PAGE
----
Returning to his hermitage, Sankara wrote a verse summarising the advice he gave the poor struggling Brahmin house-holder.

Bhaja Govindam, Bhaja Govindam,
Bhaja Govindam, Moodha Mathe!
Sampraapthe Sannihithe Kaale
Nahi Nahi Rakshathi `Dukrn’ karane…

Praise God, Praise God, Praise God, you fool! When death does knock at door, rules of grammar cannot save.

Sankara exhorted his pupils to disseminate the ideal of this verse, and, they too, responded with a set of verses on the same lines, each of the 14 contributing one verse. Sankara added another twelve of his own, as well as four more verses about the transformation that the teaching would confer. Thus, there are 31 verses in all, in the text called Bhaja Govindam, or Moha Mudgaram. The latter name means, “The weapon with which delusion can be destroyed.”

The study of these verses and the inspiration derived from them will promote discrimination and detachment, and thus, prepare the mind for the vision of the Supreme. You have to be initiated into these disciplines now itself, when you are young and entering on the adventure of living, and so, I have decided to expound to you one verse a day, during this course.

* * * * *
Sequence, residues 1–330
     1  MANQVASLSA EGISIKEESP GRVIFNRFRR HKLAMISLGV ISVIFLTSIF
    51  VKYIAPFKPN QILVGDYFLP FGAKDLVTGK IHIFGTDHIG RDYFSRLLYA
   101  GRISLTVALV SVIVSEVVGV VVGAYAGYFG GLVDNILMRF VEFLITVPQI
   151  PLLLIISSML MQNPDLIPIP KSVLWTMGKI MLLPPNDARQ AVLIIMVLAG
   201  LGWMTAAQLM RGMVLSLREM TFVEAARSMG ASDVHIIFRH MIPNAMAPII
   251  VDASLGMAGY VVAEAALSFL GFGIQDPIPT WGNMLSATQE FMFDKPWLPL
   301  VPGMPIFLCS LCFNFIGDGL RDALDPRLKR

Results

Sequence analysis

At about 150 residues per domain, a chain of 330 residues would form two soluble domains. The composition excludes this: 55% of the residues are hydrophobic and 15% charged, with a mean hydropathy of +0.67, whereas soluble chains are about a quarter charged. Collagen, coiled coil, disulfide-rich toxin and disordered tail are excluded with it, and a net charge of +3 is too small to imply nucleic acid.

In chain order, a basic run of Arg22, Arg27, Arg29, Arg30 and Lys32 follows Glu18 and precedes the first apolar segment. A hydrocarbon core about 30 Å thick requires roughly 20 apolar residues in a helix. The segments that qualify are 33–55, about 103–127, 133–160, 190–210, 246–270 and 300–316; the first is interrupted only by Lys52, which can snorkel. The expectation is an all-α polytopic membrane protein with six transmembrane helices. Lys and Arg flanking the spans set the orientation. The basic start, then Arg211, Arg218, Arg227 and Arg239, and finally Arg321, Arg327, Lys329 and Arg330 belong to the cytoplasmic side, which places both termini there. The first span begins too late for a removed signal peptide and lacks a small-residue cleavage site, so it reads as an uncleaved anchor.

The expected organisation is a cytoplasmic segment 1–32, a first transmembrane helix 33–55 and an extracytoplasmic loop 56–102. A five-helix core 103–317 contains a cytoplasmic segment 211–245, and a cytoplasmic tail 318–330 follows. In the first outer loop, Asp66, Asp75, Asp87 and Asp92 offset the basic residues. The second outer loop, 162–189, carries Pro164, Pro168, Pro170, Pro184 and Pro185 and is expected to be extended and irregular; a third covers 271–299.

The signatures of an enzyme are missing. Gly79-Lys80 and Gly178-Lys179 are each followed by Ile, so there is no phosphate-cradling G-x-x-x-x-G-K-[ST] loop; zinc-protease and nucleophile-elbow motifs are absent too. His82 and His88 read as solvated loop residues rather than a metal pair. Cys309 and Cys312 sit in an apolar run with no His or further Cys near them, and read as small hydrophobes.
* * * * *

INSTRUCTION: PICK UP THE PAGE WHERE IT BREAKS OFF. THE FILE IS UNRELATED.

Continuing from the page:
Sankara addressed these verses, to “moodha mathi” “the foolish person”. Now, who are these fools? He has given the answer in another context: `Nasthiko moodha uchathe’ (These who deny the Atma are fools.) Those who assert and believe that “I am not this perishable body; I am not this feeble intellect; I am the undying everlasting all-knowing all-inclusive Atma” are few indeed. The vast majority assert and believe that “I am the moulder of my destiny, I am the captain of my ship. I choose my likes and dislikes. I fulfill my desires through my own efforts.”